How To Own Your Power – Women

“Each time a woman stands up for herself, she stands up for all women.” – Maya Angelou

I have seen people give away too much of their own personal power. While I’m not interested in power over other people, I see it as highly desirable to exercise your own power over yourself and your own life choices.

Mastery of our own power seems difficult for most people but I believe it is especially challenging for women. Women are socialised with the feminine archetype of the all-sacrificing, demure, other-centred mother who puts herself last. Most young women have trouble developing their own voice within relationships, work or advocating for what they need and want in an assertive way.

It always shocks me to be treating a bright, educated, talented young woman who allows herself to be verbally abused or otherwise mistreated in a love relationship. Many other young women are in relationships where they are so grateful to be loved and accepted that they pack away and sublimate their own desires, goals, and interests. It’s as if young women believe they have to make a bargain and give away part of themselves to be in intimate relationships or to be in positions of influence and power. You shouldn’t have to do that, but first, you need someone to remind you that you need to be yourself in close relationships, or it’s not the right relationship for you.

Many other young women are in relationships where they are so grateful to be loved and accepted that they pack away and sublimate their own desires, goals, and interests. Click To Tweet

How do you empower yourself?

  1. You ask yourself what you would REALLY be doing or wanting if you were not afraid. Don’t operate out of fear.
  2. You keep working on your own personal goals, regardless of where you are. This might include career goals, more education, volunteer service, making and maintaining friendships, financial health, physical fitness, learning new things, developing your interests and passions, cultivating your spirituality, travelling, or learning a new skill. Remember, whatever happens in your relationships, you are with you, either way! Keep making you interesting, and keep growing.
  3. Give up blame.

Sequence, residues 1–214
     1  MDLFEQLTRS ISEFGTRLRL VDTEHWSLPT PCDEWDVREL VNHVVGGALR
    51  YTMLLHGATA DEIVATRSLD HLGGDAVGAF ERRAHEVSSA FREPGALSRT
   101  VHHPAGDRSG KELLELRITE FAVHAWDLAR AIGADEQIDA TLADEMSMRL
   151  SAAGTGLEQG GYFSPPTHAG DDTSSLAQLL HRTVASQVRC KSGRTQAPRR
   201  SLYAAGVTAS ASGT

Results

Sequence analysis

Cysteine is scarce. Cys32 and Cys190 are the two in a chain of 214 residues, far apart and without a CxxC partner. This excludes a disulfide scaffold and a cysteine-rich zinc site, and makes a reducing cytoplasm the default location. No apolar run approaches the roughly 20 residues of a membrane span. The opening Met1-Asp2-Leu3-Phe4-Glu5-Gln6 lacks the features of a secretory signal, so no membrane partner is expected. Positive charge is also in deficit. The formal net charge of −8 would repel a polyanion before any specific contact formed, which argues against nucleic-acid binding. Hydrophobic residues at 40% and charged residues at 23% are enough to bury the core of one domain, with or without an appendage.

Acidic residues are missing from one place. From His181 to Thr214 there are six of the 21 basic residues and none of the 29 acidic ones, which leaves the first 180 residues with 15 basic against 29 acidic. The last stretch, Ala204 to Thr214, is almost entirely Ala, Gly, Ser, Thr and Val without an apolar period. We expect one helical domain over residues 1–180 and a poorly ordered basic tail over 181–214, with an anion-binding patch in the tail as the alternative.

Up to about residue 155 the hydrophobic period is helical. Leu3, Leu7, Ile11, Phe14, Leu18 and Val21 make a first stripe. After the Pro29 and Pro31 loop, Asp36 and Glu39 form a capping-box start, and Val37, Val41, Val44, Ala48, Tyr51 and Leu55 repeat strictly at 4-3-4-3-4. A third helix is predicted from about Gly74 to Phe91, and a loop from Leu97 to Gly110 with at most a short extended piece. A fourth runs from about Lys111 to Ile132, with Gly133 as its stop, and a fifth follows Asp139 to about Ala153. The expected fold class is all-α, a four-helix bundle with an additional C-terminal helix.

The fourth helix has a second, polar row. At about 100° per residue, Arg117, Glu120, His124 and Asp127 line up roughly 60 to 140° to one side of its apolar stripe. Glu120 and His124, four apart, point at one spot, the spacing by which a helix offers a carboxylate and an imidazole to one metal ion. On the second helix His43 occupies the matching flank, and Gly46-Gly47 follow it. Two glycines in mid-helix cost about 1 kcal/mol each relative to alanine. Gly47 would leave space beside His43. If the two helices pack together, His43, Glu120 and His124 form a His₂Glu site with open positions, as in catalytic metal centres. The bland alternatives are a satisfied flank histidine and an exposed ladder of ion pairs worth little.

4. Take responsibility for yourself, your attitude, your mistakes, and your part in things, this way you find your rhythm.
  5. Get some support. Most people feel more courageous when they are encouraged. Build your support base, find your tribe and belong. Find a group of purposed women who can help you identify how to build yours. If you already found your tribe, consider deepening your existing support system by joining other support groups, a meetup group, a women’s or men’s group, a book club, or a religious or spiritual group.
  6. Give up playing ‘victim’. Don’t use victim language. Don’t hope for a rescue, make some plans and set some goals. Act as you believe in yourself.
  7. Learn to negotiate, and do it at work as well as in your close relationships. You may not be able to get what you want, but how do you know unless you try? Many partners and supervisors respect you more if you advocate respectfully on your own behalf.
  8. Say hello to ‘NO’. Boundaries have to be set and maintained with other people. Having limits gets you respected. Your yes means nothing if you aren’t free to say no. Don’t be a doormat. They get walked on and that’s not you.
  9. Show some confidence. This isn’t the same thing as arrogance by the way. It isn’t boastful or prideful. Humble confidence means you respect yourself.
  10. Focus less on what other people think of you. People pleasing is overrated and exhausting, do not make decisions based on people’s opinions of you.
  11. Appreciate your unique qualities, believe it or not, there is only one you.
  12. Work on accepting yourself, and speaking kindly to yourself on the inside. The power of positive internal dialogue is huge. Become aware of what your inner voice is saying to you all day, and upgrade that criticism to encouraging, supportive self-talk.
  13. Speak up. Say what you think, want, and feel. If you don’t, you are going to be underrepresented in the relationship, and over time you may grow to resent the other person.
  14. Don’t sign up for any long-term relationship with a person who devalues you, demeans you, doesn’t care what you want, or doesn’t feel you are just as important as they are.

There is a dramatic difference between being fearful and, in the words of writer and vulnerability researcher Brene Brown, being “daring greatly”. Only you can decide to be you, undiluted by life’s events and disappointments, and striving for a bigger life. Only you can play you at full strength. Don’t settle for anything less.